Ottawa, Ontario – Air quality may be worse than previously thought, according to a new study by Environment Canada, as reported by the Green Car Congress.
The real-time measurement of black carbon (BC) using two laser-induced incandescence techniques has found that emissions from light-duty gasoline vehicles are at least a factor of two higher than previous North American measurements, and a factor of nine higher than currently-used emission inventories in Canada.
Emission factors measured with the incandescence techniques have not been previously reported, according to the authors, who said that these measurements have higher sensitivity and time resolution compared to traditional BC measurement techniques. The studies were done upwind, downwind, and while driving on a highway dominated by gasoline vehicles.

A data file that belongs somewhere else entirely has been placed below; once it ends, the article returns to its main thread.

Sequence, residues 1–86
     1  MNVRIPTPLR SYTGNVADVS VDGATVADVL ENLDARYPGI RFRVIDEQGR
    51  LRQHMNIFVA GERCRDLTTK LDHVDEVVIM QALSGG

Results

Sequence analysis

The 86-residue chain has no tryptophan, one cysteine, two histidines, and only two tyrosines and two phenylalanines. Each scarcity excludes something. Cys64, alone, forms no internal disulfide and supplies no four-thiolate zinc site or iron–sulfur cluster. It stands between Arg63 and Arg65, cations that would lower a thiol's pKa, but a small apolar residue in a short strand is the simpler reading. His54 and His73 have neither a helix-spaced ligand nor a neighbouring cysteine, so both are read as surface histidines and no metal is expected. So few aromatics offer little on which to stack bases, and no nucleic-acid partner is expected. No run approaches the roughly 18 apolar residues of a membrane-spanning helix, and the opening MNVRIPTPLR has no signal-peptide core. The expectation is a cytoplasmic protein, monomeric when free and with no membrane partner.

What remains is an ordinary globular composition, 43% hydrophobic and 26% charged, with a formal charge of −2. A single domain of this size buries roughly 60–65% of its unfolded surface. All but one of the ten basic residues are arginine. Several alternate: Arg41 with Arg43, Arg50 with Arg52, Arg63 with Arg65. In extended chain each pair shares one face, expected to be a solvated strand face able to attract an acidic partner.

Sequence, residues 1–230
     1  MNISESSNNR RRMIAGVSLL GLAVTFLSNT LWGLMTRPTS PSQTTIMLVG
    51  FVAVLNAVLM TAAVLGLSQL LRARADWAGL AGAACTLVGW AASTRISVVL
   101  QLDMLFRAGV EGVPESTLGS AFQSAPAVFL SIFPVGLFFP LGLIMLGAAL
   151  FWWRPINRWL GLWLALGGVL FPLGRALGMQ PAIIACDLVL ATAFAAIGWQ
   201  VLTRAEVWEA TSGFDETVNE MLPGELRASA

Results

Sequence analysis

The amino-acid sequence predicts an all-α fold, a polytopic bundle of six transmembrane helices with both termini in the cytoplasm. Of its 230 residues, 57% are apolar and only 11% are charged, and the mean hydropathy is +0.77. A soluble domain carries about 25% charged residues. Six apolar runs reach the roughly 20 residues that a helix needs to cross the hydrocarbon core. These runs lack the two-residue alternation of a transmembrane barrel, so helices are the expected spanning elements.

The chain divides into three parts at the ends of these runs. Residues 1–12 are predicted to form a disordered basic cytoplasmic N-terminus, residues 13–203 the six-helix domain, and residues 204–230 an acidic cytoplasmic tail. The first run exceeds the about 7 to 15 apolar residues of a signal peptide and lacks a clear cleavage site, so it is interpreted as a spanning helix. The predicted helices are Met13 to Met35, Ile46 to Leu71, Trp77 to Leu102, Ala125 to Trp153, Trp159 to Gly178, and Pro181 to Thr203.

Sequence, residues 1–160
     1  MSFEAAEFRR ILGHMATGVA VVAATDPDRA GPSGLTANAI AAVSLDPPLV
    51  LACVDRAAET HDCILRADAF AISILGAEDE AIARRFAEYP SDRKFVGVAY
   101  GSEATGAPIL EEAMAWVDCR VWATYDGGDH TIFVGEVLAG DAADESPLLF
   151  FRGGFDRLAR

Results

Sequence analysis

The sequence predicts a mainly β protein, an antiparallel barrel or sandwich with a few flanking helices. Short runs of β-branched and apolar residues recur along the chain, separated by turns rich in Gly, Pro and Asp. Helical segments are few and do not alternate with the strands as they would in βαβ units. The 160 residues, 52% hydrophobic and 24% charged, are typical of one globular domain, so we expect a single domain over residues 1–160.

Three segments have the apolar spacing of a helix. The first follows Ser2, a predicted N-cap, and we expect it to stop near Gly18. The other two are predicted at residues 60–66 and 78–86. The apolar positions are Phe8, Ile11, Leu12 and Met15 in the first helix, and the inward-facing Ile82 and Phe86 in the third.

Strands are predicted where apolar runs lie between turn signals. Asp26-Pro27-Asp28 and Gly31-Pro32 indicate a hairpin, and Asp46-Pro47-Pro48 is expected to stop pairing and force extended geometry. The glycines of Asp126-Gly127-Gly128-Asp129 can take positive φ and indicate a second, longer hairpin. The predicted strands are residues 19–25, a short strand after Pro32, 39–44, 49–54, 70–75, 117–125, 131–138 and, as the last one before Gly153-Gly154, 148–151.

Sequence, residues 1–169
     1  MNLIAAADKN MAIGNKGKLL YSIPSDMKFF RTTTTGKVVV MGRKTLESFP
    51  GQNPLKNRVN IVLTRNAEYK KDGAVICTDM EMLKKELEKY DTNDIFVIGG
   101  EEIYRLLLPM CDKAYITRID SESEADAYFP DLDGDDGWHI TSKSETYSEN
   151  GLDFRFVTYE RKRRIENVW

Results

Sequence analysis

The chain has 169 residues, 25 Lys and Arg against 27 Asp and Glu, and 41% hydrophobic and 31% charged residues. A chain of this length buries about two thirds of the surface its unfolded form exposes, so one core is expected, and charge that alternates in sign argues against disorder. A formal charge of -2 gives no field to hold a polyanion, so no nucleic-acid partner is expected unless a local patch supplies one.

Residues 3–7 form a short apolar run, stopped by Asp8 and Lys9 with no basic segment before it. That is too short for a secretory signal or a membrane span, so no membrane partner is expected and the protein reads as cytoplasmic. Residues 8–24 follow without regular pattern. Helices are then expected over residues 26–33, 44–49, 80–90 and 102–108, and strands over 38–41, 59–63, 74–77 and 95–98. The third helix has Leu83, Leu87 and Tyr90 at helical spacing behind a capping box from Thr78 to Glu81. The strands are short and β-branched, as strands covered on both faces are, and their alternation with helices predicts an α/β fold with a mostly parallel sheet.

The BC emission factor for heavy-duty diesel vehicles reasonably matched previous measurements. The research team said that this suggests that greater attention needs to be paid to BC from gasoline engines to obtain a full understanding of its impact on air quality and climate.
Black carbon is combustion particles consisting primarily of solid soot cores. It can have a large effect on visibility, has been linked to health issues, and contributes to poor air quality. Evidence suggests that BC deposition in the Arctic is partly responsible for arctic climate change.